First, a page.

Headshot of La Cieca

Cher Public

  • Jungfer Marianne Leitmetzerin: From a review of “Don Carlo” at the Met in 1922 at which Chaliapin... 9:20 AM
  • Krunoslav: Gwyneth Jones returned to the stage for a bow after “Abscheulicher!” at the Met in 1976. And... 7:24 AM
  • The Conte: If there’s one thing that a chap doesn’t need reminding of on a Saturday morning,... 7:15 AM
  • Olivero is my Drug of Choice: I didn’t know she had recorded these. Netrebko/Barenboim in Four Last... 5:37 AM
  • SF Guy: SFO has done Tosca so often lately, there are now four clipfest previews on YouTube; Jagde has been... 5:33 AM
  • Lohengrin: There is another clip: https://www.youtub e.com/watch?v=N3o6 yCtflzk 5:29 AM
  • Lohengrin: See Haroutounian as Elisabetta from London on YT (poor acting – JK tries to act arround her,... 5:27 AM
  • Jungfer Marianne Leitmetzerin: I think we petty much established that the Radamès is Giovanni Martinelli most... 3:57 AM
  • Guestoria Unpopularenka: Only 1 night. Why? I have no clue. 3:34 AM
  • La Cieca: Selecting video clips for the “On this day” feature is difficult: how, for example, is... 3:17 AM

Dream team

Director Daniel Moshel (not pictured) who created the YouTube sensation MeTube, sat down recently—and virtually—to chat with La Cieca (also not pictured.)

La Cieca: I don’t know what your purpose was in making this video but for me it had a very personal meaning, an expression of the private ecstasy a lonely opera fan feels when hearing (or performing) opera music. Is this anything close to what you were trying to express?

Daniel Moshel: Yes, it is very close. The leading character’s will to express himself comes from a strong desire to sing with all his means, so the protagonist carries on, in spite of all the ideas of his mother to “enhance” the setting.  In my eyes these two characters are juxtaposing two celebrated types of YouTube content creators in one story. First are the people throwing out their skill to the public (no matter how good they are),; on the other hand the people who try to get attention by any means necessary (i.e., exploiting themselves). In the research phase we watched so many wonderful, funny and touching videos of enthusiasts singing arias on YouTube. Giving tribute to them in starting the clip this way became the key element of the story.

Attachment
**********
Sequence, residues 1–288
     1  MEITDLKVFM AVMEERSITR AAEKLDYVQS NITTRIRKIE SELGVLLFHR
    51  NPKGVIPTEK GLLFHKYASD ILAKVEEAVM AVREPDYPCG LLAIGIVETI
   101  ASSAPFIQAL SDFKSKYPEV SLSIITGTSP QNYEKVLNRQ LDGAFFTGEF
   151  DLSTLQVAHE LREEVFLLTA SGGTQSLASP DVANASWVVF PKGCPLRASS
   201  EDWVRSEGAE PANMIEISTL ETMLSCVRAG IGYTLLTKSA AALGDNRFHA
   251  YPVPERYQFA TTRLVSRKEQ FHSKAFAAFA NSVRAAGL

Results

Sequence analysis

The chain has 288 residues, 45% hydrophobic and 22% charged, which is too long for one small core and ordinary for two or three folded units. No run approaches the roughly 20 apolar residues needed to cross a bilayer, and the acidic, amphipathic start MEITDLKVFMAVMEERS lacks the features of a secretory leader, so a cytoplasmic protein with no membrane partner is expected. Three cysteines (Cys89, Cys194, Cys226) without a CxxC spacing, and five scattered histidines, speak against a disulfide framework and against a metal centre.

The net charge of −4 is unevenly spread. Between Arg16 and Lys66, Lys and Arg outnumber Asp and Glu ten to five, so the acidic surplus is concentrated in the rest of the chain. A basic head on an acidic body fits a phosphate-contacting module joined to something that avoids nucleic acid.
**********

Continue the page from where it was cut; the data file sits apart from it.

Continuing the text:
LC: Was the idea for the video yours or August Schram‘s?

DM: August loves to occupy himself with projects that deal with the fusion of applied arts, film and song. When I came up with the idea and the story/script to the video, he considered it carefully, because he is doing a lot of oratorio music, but soon agreed to do it.  The difference between a Bach cantata and this project couldn’t be bigger; however for August its is equally interesting to explore “a soul searching for God” or “a man trapped by the tyranny of his caring mother.”

LC: Have you two worked together before? Can you describe your collaboration?

DM: We are friends for some years now. Our first project was in 2009 a short movie about the Schubert song “Der Doppelgänger” directed by my wife Stephanie Winter and produced by myself. We plan to put that on YouTube on a later occasion.

LC: Your film is called “a homage to thousands of ambitious YouTube users and video bloggers.”  Can you name some of your favorite YouTube videos of amateur performers?

DM: Among them are a wonderful Russian woman…

and this British guy.

LC: I have also seen the trailer of your film Login 2 Life, and I wonder if you would talk some about the similarities—if any— between virtual worlds and YouTube performance.

Login 2 Life portrays people who have found an alternate home in an online world.  It seems to me that a huge community feels the same on video portals like YouTube.  Both online worlds and video portals are new means of communication, both of which can be used as an instrument to express and fulfill one’s needs and desires.